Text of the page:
The loss of rental units has been a long-standing issue in San Fran-cisco. After 15 years of debate, a new condominium conversion lottery bypass law was passed, and the Expedited Conversion Program began accepting applications on July 29, 2013. The previous conversion program has been suspended for 10 years, and there has been permanent disqualification of many buildings that qualified under that law.
The good news for buyers is that two-unit buildings with a clean eviction history can still convert to condos if each unit is occupied for one year by separate parties who each own at least a 25 percent interest during the entire occupancy period. This exemption also applies to mixed-use buildings (commercial and residential) with no more than two residential units that are both owner-occupied. This may sound like old news, but in real estate changes do not happen quickly.
The easy road to conversion has always been a two-unit building. Now that there is a 10-year moratorium built into the law, the conversion of two-unit buildings to condos has found a new following. Single family home buyers priced out of the market can make a smaller step down, find a partner, buy a two-unit building and one year later begin the condo conversion process. There is even hope of upside potential here.
Here are a few things that may be interesting. Considering how inventory has dropped dramatically, it is interesting to me that checking the MLS I found the number of two-unit buildings sold over the past three years is not dramatically different year to year. 371 in 2012, 352 in 2013, and 345 in 2014. Currently, citywide there are 25 two-unit buildings for sale.
For a detailed look into what has happened with condo conversions the past three years, I spoke to Bruce R. Storrs, city and county surveyor for the San Francisco Department of Public Works Bureau of Street Use and Mapping. He provided me with the statistics in the charts above.
Numbers are always interesting, because we now know that TICs have been converted to condos. Now the issue is to move from fantasies about home ownership to the reality of the condo conversion process.
Often I am asked how long it take to complete a condo conversion. Now that I had the ear of Storrs, I asked a few more questions: How long does it take from the day the application is submitted until it is approved? Can you tell me the minimum amount of time and the maximum? It was no surprise to hear the time to complete a condo conversion may vary considerably.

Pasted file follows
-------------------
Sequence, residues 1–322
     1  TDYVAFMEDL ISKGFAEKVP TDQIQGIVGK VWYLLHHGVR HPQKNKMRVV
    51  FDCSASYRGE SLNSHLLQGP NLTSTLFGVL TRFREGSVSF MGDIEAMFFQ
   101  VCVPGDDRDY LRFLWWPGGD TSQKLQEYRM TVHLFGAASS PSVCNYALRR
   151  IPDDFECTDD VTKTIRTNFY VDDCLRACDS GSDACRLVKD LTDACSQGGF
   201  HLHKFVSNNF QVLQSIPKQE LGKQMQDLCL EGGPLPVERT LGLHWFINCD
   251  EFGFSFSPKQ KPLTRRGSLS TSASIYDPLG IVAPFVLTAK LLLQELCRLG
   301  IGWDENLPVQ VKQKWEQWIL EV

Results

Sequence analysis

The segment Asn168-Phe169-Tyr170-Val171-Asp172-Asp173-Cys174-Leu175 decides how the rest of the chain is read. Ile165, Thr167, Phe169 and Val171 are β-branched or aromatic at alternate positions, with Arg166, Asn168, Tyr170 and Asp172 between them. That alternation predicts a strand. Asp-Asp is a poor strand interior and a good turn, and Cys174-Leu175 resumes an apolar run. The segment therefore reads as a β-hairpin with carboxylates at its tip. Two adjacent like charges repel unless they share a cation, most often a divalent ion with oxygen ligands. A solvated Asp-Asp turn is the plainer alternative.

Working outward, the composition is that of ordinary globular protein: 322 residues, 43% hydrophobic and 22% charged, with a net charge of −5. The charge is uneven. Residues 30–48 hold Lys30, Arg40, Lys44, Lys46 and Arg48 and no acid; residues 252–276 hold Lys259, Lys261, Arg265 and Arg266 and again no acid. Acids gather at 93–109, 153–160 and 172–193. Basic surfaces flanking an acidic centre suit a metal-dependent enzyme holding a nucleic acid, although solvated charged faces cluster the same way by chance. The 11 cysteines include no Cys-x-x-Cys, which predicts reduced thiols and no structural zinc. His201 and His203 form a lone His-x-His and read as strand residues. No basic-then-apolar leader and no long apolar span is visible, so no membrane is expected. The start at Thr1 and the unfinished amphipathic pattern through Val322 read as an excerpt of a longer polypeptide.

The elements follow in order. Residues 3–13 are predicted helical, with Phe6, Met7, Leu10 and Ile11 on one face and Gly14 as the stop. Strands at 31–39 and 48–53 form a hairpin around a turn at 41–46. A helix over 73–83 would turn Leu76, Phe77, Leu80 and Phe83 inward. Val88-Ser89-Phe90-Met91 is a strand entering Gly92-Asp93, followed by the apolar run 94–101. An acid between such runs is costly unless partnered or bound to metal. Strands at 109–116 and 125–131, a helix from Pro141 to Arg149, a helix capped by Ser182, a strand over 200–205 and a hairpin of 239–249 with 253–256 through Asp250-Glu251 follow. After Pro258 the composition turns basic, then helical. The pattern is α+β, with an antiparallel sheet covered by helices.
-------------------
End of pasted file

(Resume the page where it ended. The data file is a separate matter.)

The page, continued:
“This is almost entirely dependent on the applicant,” Storrs told me. “If the applicants have their code compliance issues resolved — they have had a physical inspection and resolved all of the Department of Building Inspection issues — and there are no additional issues, a project can record in as little as three months. If there are lingering code compliance issues or there is an issue that needs resolution with the Department of City Planning, the recordation may take much much longer.”
Today the most important question is what can be done to make the condo conversion process go more smoothly? Here are Storrs’s tips:
- Perform their own due diligence, including eviction history of the building.
- Make sure that you meet the minimum qualifications and have the ability to maintain these qualifications.
- Understand the subdivision process from start to finish.
- Understand what a common interest development is.
- Retain a knowledgeable and capable attorney that understands the conversion process in San Francisco.
- Retain a knowledgeable and capable land surveyor that understands the conversion process in San Francisco.
- Order your physical inspection from the Department of Building Inspection as soon as you are certain you will be converting.
- Be prepared financially: just the application fee (not the ECP fee), the attorney and the surveyor will be about $20,000. This does not include any building alterations.
I have found that the key to success is having patience with the process. There are no short cuts here. Success is possible if you methodically follow through on every step.
There is no magic pill to home ownership in San Francisco, but for those who are willing to take on the additional work involved in the condo conversion process, this is one way where sweat equity can be turned into real equity for the long term.
On Dec. 29, 2014, there was only one two-unit building for sale in the northern neighborhoods that include Cow Hollow, the Marina, North Beach, Pacific Heights, and Russian Hill. December and January are always the slowest sale periods in real estate, and there will be more property on the market in the new year. Even so, the lack of inventory is stunning.
Of course in 2015 there will be more two-unit buildings coming onto the market. One can expect that some of these buildings will be qualified for fast-track condo conversion. They will be sprinkled all over the city and provide an opportunity for buyers willing to expand their options and think creatively.